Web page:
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Cooking With Kids: Eating Healthily Together

By: Joanne Walker BA (hons) - Updated: 5 Dec 2012 | comments*Discuss
 
Cooking Children Food Healthy

Getting children to eat healthily does not have to be a chore, as long as they grow up with a varied and healthy diet. After all, if eating well is normal to them, there are far fewer reasons for them to turn their nose up at cabbage or cauliflower. One of the best ways to get children interested in healthy food is to encourage them to help you to cook. Even young children can get involved with cooking – there is plenty they can do without flames and knives when they are younger.

Safe Cooking

Children love to get messy, so when cooking with them, remember this. You do not have to splatter food around the kitchen to allow them to get a little bit messy but if you put them in an apron and hat, they’ll love getting hands on with food. One of the most satisfying things you could make with young children is a pasta sauce such as pesto. A really rustic version will not even need a food processor and children will love helping to bash together the ingredients to make the sauce. The beauty of something like pesto is that from making it, children will really learn about ingredients and which ones taste which way. You can have them taste it halfway through and decide to add more basil or cheese and they will really feel as though it is all theirs – handy when it comes to encouraging them to eat it as well.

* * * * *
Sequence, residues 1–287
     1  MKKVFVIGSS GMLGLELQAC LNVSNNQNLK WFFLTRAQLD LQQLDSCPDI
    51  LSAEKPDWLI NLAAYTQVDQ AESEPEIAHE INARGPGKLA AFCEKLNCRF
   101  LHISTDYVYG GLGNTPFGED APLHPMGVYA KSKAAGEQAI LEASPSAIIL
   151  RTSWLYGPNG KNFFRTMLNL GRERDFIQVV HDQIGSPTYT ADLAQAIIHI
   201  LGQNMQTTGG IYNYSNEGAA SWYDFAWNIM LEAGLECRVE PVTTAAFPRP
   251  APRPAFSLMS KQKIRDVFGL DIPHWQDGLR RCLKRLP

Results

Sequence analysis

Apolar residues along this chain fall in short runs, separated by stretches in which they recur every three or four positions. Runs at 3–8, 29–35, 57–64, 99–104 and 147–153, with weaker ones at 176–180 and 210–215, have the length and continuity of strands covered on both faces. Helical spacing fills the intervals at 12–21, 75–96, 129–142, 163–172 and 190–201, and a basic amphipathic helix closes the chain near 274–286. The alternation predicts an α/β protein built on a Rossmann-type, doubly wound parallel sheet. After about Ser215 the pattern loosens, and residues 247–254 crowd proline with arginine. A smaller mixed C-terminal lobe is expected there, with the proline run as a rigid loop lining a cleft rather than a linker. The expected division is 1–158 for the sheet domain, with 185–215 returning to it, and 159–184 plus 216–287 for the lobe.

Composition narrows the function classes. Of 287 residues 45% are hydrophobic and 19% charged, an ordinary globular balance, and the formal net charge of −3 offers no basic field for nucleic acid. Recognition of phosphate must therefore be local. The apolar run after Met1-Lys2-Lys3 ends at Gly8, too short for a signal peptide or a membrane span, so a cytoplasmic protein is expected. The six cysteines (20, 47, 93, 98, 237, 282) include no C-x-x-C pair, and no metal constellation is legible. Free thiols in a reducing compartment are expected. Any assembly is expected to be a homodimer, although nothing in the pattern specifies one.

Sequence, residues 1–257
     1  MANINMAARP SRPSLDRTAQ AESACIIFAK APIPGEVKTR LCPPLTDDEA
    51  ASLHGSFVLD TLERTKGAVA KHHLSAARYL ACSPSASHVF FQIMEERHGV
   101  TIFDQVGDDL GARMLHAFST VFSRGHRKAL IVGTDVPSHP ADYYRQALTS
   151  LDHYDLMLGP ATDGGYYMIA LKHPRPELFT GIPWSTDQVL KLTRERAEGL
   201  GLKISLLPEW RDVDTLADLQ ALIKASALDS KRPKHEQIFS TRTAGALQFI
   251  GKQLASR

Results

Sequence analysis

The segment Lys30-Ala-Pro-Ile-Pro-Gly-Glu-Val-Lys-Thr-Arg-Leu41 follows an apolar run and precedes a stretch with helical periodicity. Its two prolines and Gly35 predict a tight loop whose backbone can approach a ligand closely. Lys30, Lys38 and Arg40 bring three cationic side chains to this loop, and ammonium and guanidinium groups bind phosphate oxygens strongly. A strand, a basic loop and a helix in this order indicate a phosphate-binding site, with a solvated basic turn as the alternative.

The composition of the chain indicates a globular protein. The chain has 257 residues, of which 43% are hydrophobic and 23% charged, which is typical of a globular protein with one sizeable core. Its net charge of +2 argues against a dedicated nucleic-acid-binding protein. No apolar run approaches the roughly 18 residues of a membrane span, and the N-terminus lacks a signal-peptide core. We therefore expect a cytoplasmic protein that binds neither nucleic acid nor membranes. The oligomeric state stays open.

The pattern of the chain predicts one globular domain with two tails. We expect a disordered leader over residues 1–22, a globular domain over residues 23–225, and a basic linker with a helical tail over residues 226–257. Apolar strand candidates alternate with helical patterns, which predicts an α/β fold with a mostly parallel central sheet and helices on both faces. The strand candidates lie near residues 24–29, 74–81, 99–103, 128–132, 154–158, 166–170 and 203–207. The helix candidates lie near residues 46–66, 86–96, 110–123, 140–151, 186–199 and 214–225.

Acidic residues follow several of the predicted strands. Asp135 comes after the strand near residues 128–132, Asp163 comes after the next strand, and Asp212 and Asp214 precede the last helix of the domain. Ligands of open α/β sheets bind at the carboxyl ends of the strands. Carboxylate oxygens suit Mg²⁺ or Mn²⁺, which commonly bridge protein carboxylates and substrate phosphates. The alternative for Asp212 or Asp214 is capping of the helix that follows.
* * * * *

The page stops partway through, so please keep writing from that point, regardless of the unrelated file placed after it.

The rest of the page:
Moving to the Oven

If you cook with kids a lot, the chances are that they will soon want to move onto something a touch more advanced than a no-cook sauce. But this is where you can really nurture a passion for food, tastes and a real variety of fruit and veg. And what’s more, you can do it with foods which are not always considered the most healthy. But if cooked in the correct manner, even ‘treat’ foods like pizza can be healthy. Children will have great fun helping to knead the dough for the base of their pizza and watching it can shape and colour when it bakes. And when it comes to the topping, let their imagination run wild. If they want four different colours of pepper to make it bright, then let them – the more variety, the better.

Inclusivity

The key thing to making cooking fun is making it inclusive. Rather than shooing children away while you rustle up something for their dinner, get them to help. Whether it is throwing beansprouts into a stir fry or tasting a sauce to determine what is needed to make it perfect, children love to feel useful. And the feeling of usefulness will hopefully translate into a passion for good and healthy food.

Food is fun and children should be encouraged to find this out for themselves. By learning about good tasting food and what goes into their food, children should be attracted to eat well – hopefully for the rest of their lives. Of course, there will always be some times when they turn to junk, but if they enjoy cooking from scratch they will hopefully realise food is far better when you know what is in it.

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